Why every vote counts: The Fifteenth Amendment

By: Eliza Stanley, 7th grade at Christ Our King Stella Maris

The 15th Amendment states that the government cannot deny a person the right to vote because of race, color or previous condition of servitude. All persons are born equal; thus, all should have the right to vote. Limiting the basic right to cast a vote because of race or color was fundamentally wrong. It was a mistake, which has, thankfully, been corrected. The importance of this amendment is that it removed a barrier to full participation in the American form of government.

God created all people equal and our Constitution now protects that right of full participation. Those that were denied the right to participate in government now have it. Voting in elections is voicing an opinion on what direction America should go. Including all people in the electoral process promotes better ideas and better government. In America, we celebrate the voting process. Casting ballots by all ensures the success of our government. Not voting, not participating in government weakens our democratic system. Every vote counts. Through the 15th Amendment, race and color cannot be used as a way to silence others' beliefs and ideas for America. Everyone can exercise this God-given right. When elections are open to all citizens, the will of the people is truly heard. America is a nation created by people of various races and colors, and all their voices should be heard.

Why Every Vote Counts: The 19th Amendment

By: Julia McAtee, 7th grader at Christ Our King Stella Maris School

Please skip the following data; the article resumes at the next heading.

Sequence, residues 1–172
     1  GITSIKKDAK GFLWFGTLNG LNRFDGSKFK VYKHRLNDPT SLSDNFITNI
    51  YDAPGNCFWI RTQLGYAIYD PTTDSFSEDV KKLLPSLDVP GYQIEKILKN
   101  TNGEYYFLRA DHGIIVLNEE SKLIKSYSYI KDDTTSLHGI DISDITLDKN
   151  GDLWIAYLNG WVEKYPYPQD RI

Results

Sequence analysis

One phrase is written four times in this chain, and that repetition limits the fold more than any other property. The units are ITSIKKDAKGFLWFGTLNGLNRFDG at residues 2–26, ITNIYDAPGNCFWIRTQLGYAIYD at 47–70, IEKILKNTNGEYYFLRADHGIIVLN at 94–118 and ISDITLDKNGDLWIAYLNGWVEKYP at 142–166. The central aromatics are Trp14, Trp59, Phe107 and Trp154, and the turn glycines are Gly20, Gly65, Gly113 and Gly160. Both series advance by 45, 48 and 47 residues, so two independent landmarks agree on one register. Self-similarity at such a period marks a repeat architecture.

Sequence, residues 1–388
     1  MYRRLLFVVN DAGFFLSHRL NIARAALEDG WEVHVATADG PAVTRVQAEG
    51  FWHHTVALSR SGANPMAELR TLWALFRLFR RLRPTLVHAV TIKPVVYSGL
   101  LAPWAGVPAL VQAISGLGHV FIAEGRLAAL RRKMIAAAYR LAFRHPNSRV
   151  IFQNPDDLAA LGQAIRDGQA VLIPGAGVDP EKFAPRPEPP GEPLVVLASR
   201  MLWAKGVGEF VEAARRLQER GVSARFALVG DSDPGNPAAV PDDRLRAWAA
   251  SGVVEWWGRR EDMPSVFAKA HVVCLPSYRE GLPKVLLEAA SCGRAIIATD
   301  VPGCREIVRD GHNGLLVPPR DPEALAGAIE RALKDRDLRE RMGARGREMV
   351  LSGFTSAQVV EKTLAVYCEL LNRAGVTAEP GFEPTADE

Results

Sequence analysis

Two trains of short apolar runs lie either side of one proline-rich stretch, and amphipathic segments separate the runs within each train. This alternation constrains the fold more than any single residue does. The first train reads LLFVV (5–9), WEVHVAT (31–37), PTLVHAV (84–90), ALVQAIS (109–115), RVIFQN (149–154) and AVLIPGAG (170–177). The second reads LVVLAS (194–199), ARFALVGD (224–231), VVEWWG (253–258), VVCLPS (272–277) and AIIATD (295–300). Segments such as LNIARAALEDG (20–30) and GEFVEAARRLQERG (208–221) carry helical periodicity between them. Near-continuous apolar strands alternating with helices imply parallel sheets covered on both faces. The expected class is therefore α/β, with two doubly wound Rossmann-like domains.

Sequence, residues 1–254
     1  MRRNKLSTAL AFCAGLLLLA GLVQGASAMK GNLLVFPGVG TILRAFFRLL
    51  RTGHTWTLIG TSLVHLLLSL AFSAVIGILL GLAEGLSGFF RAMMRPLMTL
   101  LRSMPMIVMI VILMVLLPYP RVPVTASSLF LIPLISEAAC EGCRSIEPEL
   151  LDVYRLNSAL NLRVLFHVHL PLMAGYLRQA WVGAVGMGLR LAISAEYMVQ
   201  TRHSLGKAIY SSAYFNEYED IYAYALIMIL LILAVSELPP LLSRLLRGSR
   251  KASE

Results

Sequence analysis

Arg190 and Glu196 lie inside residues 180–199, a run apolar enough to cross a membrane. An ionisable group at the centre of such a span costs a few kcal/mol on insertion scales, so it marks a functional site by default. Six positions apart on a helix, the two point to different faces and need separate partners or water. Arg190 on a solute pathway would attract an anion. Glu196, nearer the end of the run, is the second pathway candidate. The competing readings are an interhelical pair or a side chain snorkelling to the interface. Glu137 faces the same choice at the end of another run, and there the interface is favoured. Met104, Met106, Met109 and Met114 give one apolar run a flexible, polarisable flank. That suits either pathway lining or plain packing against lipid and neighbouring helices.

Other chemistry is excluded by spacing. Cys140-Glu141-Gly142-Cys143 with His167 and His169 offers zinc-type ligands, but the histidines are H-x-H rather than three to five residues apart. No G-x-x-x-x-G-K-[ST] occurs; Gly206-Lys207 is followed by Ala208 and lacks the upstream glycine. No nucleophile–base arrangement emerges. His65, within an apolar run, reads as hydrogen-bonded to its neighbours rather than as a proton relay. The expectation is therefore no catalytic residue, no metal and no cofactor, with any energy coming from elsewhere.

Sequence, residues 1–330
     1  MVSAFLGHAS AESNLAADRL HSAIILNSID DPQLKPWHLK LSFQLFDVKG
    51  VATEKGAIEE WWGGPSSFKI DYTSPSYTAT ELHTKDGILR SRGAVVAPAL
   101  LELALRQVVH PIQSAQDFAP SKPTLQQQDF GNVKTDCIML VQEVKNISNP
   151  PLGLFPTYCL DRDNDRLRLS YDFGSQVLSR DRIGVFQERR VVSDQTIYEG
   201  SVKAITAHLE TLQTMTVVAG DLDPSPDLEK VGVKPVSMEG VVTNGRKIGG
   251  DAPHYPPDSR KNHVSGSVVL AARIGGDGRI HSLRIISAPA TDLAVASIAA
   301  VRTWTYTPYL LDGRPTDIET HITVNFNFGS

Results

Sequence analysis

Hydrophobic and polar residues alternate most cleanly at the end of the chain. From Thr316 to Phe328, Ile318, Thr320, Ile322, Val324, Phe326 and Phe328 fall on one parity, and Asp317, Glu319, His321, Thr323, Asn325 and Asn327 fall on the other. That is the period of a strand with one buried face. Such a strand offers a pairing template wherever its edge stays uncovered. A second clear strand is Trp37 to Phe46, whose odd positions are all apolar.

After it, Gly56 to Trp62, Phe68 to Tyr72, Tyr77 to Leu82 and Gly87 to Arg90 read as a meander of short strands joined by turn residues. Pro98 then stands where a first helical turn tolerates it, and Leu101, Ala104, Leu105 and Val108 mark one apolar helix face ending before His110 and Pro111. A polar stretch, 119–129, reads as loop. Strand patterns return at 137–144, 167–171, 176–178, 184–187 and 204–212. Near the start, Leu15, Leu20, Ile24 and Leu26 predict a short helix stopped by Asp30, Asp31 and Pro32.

Every vote matters because we all play a role in our politics and society. If all citizens, male and female, take an active part in the electing of our public servants, then most likely we will see our needs met locally as well as in the federal government. We have the right to express our needs and beliefs through our elections.

The 19th Amendment which gives women the right to vote is crucial by ensuring that they can play an active role in our nation's politics. Women make up about 50 percent of the nation and half of America's work force. With this kind of power, it would be an absolute abomination if all the voting was left solely to males.

Men and women offer differing insights into the world around us. Many men are taught that using emotional reasoning is somehow wrong and they should eliminate compassion when making choices. The 19th Amendment guarantees that both genders' voices are heard through the electoral process. Women's issues and their points of view can help change America for the better. Women make a difference when they cast their votes and stand up for the rights of themselves and others. Through voting, women are helping change perceived gender roles that our society's patriarchal hegemony has set in place.

With the 19th Amendment, women are making a difference by enacting change in how America sees women. Through women voting, they are bringing about change for better or for worse, but it is their God-given, constitutional right to do so.